Wide-ranging phylogeographic structure of invasive red lionfish in the Western Atlantic and Greater Caribbean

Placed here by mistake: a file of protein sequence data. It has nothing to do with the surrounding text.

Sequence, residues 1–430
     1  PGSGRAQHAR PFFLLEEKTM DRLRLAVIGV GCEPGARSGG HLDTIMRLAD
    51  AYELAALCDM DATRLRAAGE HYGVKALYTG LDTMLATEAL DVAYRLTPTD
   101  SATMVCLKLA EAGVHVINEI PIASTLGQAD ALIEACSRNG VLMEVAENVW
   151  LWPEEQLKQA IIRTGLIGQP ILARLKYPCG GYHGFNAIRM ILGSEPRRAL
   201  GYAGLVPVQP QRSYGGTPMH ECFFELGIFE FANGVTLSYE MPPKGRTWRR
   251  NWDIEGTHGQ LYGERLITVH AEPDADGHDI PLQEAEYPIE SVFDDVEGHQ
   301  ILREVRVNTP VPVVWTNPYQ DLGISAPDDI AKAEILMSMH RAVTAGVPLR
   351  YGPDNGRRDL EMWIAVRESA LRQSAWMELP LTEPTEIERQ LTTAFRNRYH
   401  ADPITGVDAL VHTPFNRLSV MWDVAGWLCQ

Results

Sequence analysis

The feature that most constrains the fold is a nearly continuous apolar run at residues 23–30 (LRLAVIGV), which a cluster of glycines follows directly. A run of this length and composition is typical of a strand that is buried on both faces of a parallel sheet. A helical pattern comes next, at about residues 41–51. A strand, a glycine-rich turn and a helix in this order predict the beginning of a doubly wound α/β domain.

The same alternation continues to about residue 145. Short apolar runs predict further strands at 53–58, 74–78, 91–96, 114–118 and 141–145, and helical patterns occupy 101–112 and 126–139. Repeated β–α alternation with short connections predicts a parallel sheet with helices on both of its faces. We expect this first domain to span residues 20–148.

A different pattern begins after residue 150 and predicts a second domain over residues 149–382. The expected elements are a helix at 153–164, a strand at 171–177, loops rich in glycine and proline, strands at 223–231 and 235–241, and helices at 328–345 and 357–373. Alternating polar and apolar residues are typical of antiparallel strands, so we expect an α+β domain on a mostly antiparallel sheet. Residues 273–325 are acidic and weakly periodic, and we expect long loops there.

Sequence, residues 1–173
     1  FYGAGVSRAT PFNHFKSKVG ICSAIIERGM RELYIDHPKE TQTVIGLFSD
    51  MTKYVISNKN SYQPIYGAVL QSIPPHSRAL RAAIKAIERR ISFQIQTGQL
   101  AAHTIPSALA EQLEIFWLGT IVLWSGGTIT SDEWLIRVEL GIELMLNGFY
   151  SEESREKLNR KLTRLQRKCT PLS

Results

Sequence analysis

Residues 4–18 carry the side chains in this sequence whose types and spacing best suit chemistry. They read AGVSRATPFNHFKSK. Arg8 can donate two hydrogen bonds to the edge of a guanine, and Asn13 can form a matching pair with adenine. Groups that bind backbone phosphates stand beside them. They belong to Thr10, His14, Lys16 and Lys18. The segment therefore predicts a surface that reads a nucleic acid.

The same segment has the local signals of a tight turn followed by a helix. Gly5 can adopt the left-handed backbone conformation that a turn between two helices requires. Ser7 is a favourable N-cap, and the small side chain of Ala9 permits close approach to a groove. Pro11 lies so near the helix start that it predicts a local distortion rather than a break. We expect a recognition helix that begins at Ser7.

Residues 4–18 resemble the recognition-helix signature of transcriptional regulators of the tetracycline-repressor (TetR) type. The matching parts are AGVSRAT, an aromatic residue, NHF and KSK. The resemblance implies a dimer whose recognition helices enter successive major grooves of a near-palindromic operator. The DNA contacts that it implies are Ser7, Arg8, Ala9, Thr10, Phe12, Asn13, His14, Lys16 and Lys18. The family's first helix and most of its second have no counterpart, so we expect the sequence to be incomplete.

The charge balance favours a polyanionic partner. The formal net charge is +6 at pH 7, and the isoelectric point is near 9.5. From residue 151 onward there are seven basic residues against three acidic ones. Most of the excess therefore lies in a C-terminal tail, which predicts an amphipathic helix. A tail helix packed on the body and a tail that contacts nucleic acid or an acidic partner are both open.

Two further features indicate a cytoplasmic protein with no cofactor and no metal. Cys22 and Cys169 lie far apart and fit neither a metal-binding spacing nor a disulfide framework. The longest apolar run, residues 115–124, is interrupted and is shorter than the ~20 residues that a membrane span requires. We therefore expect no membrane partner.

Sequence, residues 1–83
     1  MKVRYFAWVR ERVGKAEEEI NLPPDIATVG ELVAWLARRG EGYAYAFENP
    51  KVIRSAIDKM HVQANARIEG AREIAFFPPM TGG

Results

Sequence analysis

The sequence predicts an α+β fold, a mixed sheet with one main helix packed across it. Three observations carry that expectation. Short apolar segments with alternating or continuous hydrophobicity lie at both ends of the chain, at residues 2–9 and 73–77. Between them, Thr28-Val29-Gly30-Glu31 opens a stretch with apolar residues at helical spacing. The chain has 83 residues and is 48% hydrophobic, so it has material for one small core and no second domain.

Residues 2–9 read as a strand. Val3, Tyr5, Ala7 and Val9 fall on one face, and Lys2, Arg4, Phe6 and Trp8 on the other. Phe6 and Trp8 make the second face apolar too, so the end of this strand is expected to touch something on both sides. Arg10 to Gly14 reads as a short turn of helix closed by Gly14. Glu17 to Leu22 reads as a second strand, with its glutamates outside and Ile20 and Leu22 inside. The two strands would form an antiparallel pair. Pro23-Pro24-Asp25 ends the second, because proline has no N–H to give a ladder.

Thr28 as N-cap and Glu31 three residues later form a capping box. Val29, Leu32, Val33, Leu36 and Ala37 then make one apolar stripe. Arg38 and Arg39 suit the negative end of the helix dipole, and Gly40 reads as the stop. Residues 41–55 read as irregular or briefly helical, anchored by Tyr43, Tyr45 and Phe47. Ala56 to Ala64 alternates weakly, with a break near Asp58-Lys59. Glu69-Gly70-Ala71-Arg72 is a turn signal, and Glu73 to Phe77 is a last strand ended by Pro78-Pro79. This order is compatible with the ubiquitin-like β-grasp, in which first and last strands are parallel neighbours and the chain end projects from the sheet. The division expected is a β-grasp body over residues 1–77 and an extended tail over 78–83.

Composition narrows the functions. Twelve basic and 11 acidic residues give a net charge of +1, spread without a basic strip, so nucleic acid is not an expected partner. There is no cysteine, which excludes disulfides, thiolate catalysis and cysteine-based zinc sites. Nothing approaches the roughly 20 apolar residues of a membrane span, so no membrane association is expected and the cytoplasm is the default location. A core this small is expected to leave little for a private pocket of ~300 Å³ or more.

The red lionfish (Pterois volitans) is an invasive predatory marine fish that has rapidly expanded its pres- ence in the Western Hemisphere. We collected 214 invasive red lionfish samples from nine countries and territories, including seven unpublished locations. To more compre- hensively evaluate connectivity, we compiled our d-loop sequence data with 846 published sequences, resulting in 1,060 samples from 14 locations. We found low nucleo- tide diversity (π = 0.003) and moderate haplotype diversity (h = 0.59). Using haplotype population pairwise ΦST tests, we analyzed possible phylogeographic breaks that were pre- viously proposed based on other reef organisms. We found support for the Bahamas/Turks/Caicos versus Caribbean break (ΦST = 0.12) but not for the Northwestern Carib- bean, Eastern Caribbean, or US East Coast versus Bahamas breaks. The Northern Region had higher variation and more haplotypes, supporting introductions of at least five haplo- types to the region. Our wide-ranging samples showed that a lower-frequency haplotype in the Northern Region domi- nated the Southern Region and suggested multiple introduc- tions, possibly to the south. We tested multiple scenarios of phylogeographic structure with analyses of molecular vari- ance and found support for a Northern and Southern Region split at the Bahamas/Turks/Caicos versus Caribbean break (percentage of variation among regions = 8.49 %). We found that Puerto Rico clustered with the Southern Region more strongly than with the Northern Region, as opposed to previous reports. We also found the rare haplotype H03 for the first time in the southern Caribbean (Panama), indicat- ing that either secondary releases occurred or that the low- frequency haplotypes have had time to disperse to extreme southern Caribbean locations.